US-CERT warns of more North Korean malware

'Typeframe' springs from the same den as 'Hidden Cobra'


The United States Department of Homeland Security's Computer Emergency Response Team (US-CERT) has warned against another malware campaign it says originates from North Korea.

In its advisory, US-CERT said the “Typeframe” malware “includes malware descriptions related to HIDDEN COBRA”, the tag applied to a North Korean hacking team which in June 2017 was pinged as attacking “media, aerospace, financial, and critical infrastructure”.

The advisory doesn't say how many machines may have been infected by Typeframe, nor where infections occurred.

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Crouching cyber, Hidden Cobra: Crack North Korean hack team ready to strike, says US-CERT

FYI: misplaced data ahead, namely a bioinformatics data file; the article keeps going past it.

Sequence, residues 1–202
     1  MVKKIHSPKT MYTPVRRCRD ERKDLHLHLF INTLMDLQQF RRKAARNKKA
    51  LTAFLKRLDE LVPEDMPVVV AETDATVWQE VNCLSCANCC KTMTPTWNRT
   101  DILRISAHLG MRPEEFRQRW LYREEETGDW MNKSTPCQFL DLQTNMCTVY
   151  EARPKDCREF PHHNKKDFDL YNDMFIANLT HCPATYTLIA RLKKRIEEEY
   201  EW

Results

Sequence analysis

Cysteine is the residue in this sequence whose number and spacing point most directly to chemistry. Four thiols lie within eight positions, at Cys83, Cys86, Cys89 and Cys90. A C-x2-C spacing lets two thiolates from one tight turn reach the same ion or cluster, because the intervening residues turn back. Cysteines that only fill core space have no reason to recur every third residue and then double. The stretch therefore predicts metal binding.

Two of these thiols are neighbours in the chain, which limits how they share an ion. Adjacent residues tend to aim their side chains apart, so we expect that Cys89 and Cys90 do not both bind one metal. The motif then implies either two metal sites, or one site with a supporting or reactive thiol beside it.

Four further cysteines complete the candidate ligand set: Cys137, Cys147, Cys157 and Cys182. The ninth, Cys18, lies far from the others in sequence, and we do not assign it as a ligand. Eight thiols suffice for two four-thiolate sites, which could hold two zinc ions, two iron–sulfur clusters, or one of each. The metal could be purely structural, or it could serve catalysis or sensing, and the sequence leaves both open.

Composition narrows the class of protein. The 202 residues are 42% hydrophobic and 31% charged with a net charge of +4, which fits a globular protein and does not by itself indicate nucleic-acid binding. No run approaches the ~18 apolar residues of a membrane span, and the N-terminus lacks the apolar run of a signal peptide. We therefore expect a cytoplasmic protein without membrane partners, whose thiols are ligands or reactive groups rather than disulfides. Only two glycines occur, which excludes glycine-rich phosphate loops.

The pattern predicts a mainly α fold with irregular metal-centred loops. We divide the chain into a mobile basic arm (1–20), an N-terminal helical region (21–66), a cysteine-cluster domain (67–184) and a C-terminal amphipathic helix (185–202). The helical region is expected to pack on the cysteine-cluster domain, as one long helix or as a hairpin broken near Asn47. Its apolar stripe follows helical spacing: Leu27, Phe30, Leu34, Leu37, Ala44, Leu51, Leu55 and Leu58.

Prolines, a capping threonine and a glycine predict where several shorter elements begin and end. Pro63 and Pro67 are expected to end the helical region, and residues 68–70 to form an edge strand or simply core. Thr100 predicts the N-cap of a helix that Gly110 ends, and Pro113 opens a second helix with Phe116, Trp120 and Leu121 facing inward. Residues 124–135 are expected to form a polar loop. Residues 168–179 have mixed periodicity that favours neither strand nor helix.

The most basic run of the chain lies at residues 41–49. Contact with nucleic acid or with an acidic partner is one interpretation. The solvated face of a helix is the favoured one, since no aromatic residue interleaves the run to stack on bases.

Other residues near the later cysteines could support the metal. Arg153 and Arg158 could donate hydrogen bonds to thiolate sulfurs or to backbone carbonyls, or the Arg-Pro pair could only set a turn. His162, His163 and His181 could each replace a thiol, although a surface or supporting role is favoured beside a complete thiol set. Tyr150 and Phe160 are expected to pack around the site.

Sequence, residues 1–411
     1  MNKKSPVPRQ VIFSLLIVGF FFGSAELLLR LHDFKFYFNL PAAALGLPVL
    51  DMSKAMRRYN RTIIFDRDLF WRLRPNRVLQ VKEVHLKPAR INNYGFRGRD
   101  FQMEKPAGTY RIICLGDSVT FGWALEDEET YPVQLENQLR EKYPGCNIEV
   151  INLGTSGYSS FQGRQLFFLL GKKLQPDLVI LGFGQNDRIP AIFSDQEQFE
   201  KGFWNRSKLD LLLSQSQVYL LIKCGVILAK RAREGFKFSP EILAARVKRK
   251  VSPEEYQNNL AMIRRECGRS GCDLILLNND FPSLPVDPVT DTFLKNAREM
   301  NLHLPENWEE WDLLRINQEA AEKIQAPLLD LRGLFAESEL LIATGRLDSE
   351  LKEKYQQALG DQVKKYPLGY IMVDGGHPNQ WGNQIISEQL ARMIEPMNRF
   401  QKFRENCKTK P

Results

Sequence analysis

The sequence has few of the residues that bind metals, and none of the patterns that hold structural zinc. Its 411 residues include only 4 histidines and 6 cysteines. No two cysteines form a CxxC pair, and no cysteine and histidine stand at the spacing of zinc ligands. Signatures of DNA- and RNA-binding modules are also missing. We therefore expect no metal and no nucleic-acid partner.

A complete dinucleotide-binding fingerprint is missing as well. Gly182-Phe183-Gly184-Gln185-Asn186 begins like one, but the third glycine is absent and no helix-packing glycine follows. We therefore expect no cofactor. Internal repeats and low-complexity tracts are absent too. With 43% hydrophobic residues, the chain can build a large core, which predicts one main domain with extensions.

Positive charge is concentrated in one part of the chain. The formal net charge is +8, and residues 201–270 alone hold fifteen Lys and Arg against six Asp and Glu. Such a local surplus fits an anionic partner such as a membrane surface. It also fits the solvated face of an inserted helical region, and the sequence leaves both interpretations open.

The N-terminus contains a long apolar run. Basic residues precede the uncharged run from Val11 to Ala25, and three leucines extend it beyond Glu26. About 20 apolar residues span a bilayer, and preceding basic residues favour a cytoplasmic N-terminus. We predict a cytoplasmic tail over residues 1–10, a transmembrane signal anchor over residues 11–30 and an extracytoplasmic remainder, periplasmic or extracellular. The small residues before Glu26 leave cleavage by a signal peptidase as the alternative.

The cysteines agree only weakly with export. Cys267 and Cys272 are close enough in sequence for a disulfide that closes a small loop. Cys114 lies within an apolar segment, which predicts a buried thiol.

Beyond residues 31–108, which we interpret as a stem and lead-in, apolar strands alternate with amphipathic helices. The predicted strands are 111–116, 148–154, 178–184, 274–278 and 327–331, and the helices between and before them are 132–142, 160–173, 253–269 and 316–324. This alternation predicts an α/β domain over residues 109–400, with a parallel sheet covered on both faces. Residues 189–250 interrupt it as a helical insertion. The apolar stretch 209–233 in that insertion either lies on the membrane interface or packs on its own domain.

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Hidden Cobra has been busy recently: at the end of May, it was the subject of another US-CERT technical alert regarding the Joanap and Brambul malware strains, and last week we reported that the hacking group's tools were spotted in an attack on Banco de Chile.

The latest advisory includes 11 samples in the Typeframe campaign. Most are simple Windows 32-bit and 64-bit remote access trojans with RC4-encrypted configuration files, but some add more sophisticated backdoors. Most were compiled in 2016 and 2017, but one venerable example in the list was put together in 2015.

Command and control IP addresses in the campaign include 111.207.78.204, 181.119.19.56, 184.107.209.2, 59.90.93.97, 80.91.118.45, 81.0.213.173, and 98.101.211.162. The servers are scattered across the USA, Morocco, China, Dubai, Albania, Mexico and India. ®

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